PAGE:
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Cressida Dick just made it easier than ever to join the police

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Hollie Richardson
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Cressida Dick London police

Flexibility is one of the main reasons women refrain from joining the police force, but news of the first ever part time roles changes things.

There are many reasons why a lot of women can only work part-time, especially if a woman is a mother, carer or lives with a disability or a mental health condition.

So, what steps are being done to support part-time working?

Stylist’s Remarkable Women Awards winner Cressida Dick, the first female Commissioner of Police of the Metropolis, has announced news that will make it easier for women to join the police. From November, new police constable recruits will be able to join the service in a part time role.

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These new recruits will be able to complete their police training part time before continuing to hit the streets of London in a part time role.

The Met believes it is the first police service in the UK to make this offer and hopes that it will make the role more attractive to those who may consider a career in policing but felt unable to because of family or other commitments.

Research conducted by the Met has also shown that working hours was one reason people felt a police constable role was not for them – this was particularly high for women.

The scheme was born out of the Met’s celebrations to recognise the contribution of women over the last 100 years. However, the opportunity is open to both men and women, and it is hoped that it will help achieve the Commissioner’s long term ambition of a Metropolitan Police Service in which is men and women are equally represented.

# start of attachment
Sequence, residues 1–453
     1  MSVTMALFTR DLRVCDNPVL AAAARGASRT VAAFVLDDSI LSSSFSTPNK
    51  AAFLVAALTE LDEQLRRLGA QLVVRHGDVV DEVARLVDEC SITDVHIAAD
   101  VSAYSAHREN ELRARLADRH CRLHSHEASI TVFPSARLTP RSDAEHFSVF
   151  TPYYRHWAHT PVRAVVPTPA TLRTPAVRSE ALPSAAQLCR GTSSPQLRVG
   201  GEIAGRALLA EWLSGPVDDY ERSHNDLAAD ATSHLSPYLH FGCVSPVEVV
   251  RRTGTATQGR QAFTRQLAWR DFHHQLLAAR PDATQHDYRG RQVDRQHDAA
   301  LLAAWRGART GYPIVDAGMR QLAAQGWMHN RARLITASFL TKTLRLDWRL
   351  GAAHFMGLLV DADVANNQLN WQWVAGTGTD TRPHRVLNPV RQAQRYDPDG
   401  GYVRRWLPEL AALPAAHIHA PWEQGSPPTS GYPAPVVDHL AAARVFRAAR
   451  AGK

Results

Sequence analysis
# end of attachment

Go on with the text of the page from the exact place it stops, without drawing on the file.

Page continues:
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Dick said: “The case for doing this was clear - we know that one of the obstacles stopping some people from fulfilling their dream of becoming a police officer has been the lack of flexibility in how they have to train and balance their family life.

“We will continue to break down barriers where we know they exist, as we strive to open up a career in policing with the Met to even more people.

“Policing really is a fantastic and rewarding career so if you want to join us – then sign up now.”

Until now, all new police constable recruits were expected to complete their training, and then their probationary training period on a full time basis before they were able to apply for part time working. Now new recruits will be able to opt into alternative working patterns from the point of application.

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The first intake of constables will begin training in November and these officers will be posted to one of the Met’s 12 Command Units across London.

Part time working includes weekend, bank holidays and all the shifts. The Met will carefully match working hours to demand so there will be no impact on the ability to respond to the many demands in London.  

The working patterns available are:

- Full time (working 40 hours per week and earning a base salary of £30,372)

- Part-time officers working an average of 24 hours per week or 240 hours over the 10-week cycle (earning a base salary of £18,223)

- Part-time officer working an average of 16 hours per week or 160 hours over the 10-week cycle (earning a base salary of £13,149)

Find out more information here. 

Image: Getty

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